The opening stanza concludes with the question answered in the rest of the poem: "Where is the summer, the unimaginable / Zero summer?" Summer is fullness, more than spring, and the zero summer is brought about by a fusion of winter and summer-the hedgerow blooming more suddenly from a temporary snowfall-a summer that is "neither budding nor fading." It is an "unimaginable" summer because suffering and the horrors of war have made it so, but also a zero summer because it transcends human imagination. It is the full ripeness of spiritual awakening that the poet longs for, a summer that exceeds the still point and the midwinter spring, embracing all life and all things in the warmth of eternity.

The Zero Summer Concept is discussed … The zero summer is for Eliot analogous to the ancient concept of paradise on earth, a period of peace and abundance, a period that has long been chronicled in the history of literature as Plato's Republic, More's Utopia, Shakespeare's Arden Forest, the many versions of Camelot, and Morris's The Earthly Paradise to name a few.
Little Gidding describes the path to the zero summer in language reminiscent of East Coker ("To arrive where you are, to get where you are not, / You must go by a way wherein there is no ecstasy"):
If you came this way / Taking any route, starting from anywhere, / At any time or at any season, / It would always be the same.

A spiritual pilgrim traveling this route to the midwinter spring would find the "voluptuary sweetness" of May, "the same at the end of the journey," and a meaning that fulfills and exceeds the original purpose. The journey begins at any time and from any place that is the "world's end," for Eliot "Now and England." It is the end of the world because the war has made it so, but every place is the end just as every place is the beginning. That is what distinguishes the still point from the point in time.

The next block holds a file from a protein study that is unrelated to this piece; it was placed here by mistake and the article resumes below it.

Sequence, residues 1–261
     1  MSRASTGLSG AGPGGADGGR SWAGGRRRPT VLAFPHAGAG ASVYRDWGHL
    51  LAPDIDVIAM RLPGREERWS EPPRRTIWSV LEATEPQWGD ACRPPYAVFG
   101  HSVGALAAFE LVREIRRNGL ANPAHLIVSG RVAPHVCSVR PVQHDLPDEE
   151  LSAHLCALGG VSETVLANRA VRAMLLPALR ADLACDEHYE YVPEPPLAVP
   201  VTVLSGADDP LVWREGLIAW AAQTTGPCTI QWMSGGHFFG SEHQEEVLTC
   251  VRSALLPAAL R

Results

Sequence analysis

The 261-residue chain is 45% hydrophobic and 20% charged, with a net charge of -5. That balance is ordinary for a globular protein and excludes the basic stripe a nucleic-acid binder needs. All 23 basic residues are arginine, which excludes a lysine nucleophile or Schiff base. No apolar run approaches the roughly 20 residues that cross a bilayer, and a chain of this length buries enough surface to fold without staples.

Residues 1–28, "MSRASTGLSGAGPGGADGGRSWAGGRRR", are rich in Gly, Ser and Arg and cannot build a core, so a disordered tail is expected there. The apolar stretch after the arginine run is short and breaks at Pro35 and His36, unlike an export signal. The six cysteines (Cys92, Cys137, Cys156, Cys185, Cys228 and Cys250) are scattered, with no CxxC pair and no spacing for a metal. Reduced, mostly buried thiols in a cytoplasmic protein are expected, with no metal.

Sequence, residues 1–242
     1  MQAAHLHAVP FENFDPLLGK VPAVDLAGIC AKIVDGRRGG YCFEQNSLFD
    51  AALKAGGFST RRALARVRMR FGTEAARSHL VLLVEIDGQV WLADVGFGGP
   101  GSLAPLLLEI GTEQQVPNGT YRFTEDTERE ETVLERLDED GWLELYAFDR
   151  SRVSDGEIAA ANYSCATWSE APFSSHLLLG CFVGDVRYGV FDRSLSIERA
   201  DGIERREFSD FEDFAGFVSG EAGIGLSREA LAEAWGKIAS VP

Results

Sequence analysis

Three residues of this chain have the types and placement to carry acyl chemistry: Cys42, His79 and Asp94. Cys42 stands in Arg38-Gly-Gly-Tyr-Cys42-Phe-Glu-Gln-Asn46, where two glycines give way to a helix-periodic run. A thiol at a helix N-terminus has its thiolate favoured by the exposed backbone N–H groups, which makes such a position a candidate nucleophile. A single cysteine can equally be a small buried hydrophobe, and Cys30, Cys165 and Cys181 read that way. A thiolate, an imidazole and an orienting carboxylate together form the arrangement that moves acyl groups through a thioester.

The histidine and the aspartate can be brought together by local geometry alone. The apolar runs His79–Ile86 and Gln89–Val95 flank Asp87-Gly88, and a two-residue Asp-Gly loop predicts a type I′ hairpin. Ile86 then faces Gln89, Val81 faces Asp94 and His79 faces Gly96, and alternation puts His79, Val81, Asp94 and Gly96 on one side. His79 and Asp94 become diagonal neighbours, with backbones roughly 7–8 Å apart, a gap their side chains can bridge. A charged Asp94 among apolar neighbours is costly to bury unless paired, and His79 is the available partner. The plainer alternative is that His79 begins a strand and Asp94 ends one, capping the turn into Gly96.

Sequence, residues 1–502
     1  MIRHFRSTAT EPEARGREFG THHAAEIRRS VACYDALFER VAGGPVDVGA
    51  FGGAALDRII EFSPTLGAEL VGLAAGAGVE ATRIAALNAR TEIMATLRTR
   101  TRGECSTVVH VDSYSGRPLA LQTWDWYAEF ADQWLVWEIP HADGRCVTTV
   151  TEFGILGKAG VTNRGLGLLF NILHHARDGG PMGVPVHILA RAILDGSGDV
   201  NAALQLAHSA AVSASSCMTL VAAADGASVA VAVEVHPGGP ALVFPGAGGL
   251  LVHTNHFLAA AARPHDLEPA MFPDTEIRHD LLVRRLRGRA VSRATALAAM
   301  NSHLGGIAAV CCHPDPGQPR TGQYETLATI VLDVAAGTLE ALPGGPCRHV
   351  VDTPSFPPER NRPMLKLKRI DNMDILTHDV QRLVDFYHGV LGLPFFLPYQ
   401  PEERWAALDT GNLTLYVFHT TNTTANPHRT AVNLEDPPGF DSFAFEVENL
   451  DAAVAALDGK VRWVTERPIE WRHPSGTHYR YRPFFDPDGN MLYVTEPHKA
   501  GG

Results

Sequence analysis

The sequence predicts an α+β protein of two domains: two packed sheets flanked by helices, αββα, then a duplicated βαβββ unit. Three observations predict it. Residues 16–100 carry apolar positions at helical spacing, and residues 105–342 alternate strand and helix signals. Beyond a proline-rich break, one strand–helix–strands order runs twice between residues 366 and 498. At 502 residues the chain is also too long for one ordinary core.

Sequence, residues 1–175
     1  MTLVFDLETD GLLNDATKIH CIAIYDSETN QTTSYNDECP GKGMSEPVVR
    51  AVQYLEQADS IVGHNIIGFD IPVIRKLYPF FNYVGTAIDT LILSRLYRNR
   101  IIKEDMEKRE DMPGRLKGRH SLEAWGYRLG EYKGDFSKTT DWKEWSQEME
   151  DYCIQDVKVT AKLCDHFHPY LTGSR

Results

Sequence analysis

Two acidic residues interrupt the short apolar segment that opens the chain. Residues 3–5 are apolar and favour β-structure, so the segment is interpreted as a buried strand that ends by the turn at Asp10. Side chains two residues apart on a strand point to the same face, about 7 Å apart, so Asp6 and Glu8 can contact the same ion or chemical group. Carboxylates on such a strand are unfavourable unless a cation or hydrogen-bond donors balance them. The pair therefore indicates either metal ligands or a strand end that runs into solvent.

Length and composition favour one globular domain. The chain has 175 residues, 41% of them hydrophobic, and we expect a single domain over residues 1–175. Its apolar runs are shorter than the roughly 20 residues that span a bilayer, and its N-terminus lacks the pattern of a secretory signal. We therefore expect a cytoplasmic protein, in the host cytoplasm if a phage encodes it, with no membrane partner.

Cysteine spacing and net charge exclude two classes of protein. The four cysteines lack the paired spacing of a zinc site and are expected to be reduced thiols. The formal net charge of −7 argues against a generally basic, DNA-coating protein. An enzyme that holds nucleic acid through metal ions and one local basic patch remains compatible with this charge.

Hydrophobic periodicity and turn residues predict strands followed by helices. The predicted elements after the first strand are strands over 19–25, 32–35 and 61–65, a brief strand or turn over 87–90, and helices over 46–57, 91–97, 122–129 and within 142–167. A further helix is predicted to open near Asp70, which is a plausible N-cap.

To get there one must "leave the rough road," and "put off / Sense and notion." The coarseness of ordinary desires must be abandoned, and the route taken cannot be one of ideas or even rational thinking. Eliot says the route to the zero summer is through prayer, but for him "prayer is more / Than an order of words," more than the act or sound of praying; it is a means of transcendence to "the intersection of the timeless moment [that] / Is England and nowhere. Never and always."
My comment on Zero Summer ...
Zero Summer is a case of describing the impossible or an absolute so it is rather difficult ... to say the least. How do you describe Heaven. Perhaps easier to describe Hell. The important thing is the journey ... to work to create 'Heaven on Earth' and to be inclusive ... to leave the world in a better state ... and if you believe in Christ, Pentecost and Prayer to work with such remarkable powers to achieve this end.


  1. I have just started blogging on "Little Gidding." I thought you might find the series of interest. I welcome your comments and reflections:

  2. ... thanks for your interest ... I will have a look at your Site ... Cheers